Do you think any of the performers in your films expect that they will have some kind of international career or become “stars” outside their own country after you document them?
The situation varies from musician to musician. I have recorded street musicians that are happy enough to eat after being paid, and I have recorded musicians who are famous throughout their respective countries. There are some who hope the exposure will get their music out to the masses, and most of the time it does just that. There are some examples of that happening right now. Group Doueh, Group Inerane, Omar Souleyman are now recognized here in the USA due to their Sublime Frequencies releases.
In the interview you did with Blastitude, you mentioned being from the “Gulf Coast of the Southern USA.” Can you talk more about where exactly you grew up, what it was like, and how it may have informed your desire to document remote cultures and their music and traditions? After all, some say that part of the country is as close as you can get to living in another country in the continental States.
I was born in Tripoli, Libya, lived in London, England, and then moved to Pensacola, Fla., when I was 10 years old. If you think about how disparate those locales are, then you can imagine how I am able to adapt to pretty much any location on the planet. As far as being reared along the Gulf Coast, it will always be a big part of who I am. Pensacola and the core group of people from that past are still very much a part of my life in the present. They are a huge part of my personality and how I interact with people now. One of the most important/ inspirational people from that past is responsible for setting up the Open Eye Café screening happening on Sunday.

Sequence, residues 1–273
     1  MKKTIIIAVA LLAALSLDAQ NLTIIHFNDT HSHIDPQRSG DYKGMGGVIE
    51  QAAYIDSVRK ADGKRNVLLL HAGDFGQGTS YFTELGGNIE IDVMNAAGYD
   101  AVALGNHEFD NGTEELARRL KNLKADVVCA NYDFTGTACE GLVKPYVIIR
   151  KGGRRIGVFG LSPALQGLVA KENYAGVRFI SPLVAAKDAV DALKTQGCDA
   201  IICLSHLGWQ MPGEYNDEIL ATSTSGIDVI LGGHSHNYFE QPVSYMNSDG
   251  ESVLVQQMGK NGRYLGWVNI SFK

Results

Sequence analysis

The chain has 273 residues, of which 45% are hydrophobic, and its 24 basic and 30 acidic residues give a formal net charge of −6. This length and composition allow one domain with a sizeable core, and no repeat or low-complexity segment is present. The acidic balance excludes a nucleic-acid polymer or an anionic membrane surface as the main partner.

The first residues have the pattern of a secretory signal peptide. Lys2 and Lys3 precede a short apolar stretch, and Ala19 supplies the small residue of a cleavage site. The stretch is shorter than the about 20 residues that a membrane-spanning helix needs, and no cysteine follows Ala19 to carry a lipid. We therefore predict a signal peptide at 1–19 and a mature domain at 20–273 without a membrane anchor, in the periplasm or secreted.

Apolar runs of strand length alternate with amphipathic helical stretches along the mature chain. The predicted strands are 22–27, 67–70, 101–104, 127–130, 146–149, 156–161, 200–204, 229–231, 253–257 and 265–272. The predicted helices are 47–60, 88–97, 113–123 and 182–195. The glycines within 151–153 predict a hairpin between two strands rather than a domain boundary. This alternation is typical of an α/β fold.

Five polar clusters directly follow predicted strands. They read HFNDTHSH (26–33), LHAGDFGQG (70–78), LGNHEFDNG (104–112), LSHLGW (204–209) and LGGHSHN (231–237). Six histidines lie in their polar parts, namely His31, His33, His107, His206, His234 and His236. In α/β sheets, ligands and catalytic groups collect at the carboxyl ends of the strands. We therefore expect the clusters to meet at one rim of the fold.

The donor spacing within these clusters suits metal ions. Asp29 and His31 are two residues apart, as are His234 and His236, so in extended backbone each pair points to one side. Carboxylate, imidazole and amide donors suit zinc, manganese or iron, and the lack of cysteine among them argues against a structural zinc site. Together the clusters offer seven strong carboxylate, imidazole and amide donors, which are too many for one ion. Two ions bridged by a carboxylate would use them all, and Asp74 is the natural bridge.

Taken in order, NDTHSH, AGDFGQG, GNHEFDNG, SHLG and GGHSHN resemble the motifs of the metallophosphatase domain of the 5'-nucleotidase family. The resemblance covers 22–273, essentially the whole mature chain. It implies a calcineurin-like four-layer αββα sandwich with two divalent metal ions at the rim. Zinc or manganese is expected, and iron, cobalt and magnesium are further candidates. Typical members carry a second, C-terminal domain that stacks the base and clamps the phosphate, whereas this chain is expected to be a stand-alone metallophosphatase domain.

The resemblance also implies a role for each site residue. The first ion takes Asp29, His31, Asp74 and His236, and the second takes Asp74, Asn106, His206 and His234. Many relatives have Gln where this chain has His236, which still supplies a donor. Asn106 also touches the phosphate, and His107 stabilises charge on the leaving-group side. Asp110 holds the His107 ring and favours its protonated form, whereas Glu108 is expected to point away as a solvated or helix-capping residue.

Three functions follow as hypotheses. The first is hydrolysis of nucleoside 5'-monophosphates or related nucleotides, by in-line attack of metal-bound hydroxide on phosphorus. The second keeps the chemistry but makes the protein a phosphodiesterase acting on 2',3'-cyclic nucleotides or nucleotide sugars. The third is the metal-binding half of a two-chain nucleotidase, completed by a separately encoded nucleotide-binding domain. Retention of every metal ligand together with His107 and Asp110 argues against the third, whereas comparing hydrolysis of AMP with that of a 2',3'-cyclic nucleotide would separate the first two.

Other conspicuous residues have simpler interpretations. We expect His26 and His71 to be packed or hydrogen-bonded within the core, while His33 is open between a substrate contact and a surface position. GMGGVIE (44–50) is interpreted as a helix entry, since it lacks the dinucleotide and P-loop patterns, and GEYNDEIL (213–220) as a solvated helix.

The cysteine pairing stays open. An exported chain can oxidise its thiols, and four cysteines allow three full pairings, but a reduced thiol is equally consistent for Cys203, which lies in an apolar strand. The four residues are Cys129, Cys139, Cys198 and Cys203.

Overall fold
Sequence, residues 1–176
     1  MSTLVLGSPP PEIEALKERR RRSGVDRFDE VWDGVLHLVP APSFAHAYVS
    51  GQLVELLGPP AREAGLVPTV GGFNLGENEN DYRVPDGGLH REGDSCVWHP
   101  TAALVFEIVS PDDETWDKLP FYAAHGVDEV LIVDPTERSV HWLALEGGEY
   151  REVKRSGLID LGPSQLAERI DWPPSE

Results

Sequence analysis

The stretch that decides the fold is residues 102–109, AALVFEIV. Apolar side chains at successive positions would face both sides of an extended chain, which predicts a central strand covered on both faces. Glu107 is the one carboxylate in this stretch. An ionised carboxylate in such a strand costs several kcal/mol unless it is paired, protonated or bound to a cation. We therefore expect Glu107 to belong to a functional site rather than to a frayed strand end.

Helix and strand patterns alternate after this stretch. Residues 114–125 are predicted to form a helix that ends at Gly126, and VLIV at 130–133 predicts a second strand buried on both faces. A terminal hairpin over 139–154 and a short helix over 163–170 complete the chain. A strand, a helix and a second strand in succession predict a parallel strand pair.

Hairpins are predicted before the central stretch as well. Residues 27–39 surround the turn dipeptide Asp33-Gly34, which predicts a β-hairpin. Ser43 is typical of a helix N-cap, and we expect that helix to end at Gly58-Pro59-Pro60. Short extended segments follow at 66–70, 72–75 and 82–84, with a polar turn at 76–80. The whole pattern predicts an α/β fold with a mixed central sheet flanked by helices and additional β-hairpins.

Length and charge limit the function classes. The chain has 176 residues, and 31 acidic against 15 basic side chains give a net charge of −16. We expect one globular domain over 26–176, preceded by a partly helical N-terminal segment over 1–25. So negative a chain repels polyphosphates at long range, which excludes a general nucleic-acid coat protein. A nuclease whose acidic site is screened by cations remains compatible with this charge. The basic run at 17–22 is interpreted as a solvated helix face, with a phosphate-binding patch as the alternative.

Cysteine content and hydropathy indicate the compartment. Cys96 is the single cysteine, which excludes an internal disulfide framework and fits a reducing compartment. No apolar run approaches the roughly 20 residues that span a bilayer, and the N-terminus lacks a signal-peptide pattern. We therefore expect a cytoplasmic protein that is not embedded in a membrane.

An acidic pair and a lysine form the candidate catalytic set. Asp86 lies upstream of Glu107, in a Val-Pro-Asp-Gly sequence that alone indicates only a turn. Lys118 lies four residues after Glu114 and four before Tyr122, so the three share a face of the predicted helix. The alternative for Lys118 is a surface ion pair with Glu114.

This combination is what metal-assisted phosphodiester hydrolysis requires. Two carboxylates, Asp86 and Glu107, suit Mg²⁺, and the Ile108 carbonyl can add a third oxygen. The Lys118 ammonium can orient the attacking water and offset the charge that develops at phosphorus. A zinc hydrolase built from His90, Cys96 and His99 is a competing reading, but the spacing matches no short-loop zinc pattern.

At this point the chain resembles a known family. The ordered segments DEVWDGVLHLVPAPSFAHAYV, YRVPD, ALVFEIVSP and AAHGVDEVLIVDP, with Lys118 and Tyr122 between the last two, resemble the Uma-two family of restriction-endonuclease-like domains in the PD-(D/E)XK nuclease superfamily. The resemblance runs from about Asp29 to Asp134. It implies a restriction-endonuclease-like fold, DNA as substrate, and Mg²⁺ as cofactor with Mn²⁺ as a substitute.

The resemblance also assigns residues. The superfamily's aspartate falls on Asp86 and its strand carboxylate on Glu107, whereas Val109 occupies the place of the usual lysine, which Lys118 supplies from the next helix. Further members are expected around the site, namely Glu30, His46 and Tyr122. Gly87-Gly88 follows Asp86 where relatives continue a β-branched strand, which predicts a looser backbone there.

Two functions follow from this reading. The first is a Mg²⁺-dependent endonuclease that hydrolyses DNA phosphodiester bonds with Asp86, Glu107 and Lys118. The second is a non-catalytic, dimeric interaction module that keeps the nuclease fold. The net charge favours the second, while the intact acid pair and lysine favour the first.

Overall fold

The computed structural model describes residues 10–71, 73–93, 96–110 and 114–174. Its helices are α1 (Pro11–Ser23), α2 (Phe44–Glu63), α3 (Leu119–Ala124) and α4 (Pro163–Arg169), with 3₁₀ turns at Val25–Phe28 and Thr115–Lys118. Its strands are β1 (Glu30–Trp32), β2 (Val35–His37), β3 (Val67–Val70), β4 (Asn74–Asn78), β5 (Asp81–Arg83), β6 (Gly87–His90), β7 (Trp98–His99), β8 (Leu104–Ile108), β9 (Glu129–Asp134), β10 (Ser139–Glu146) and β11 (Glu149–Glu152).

As far as my desire to document, it really comes from an early age. Growing up, I would trace maps on books of tracing paper, creating entire atlases. That was how my intense interest in geography was channeled and nurtured. Traveling and recording is now for me a by-product and logical extension of that interest in different places and people.
Hisham Mayet appears at the Open Eye Café Sunday, Dec. 9, for screenings of two of his films, Musical Brotherhoods from the Trans-Saharan Highway and Palace of the Winds, which explore the Western Sahara and Mauritania. The event starts at 7 p.m. To see trailers for both films, click the links at the top of the page.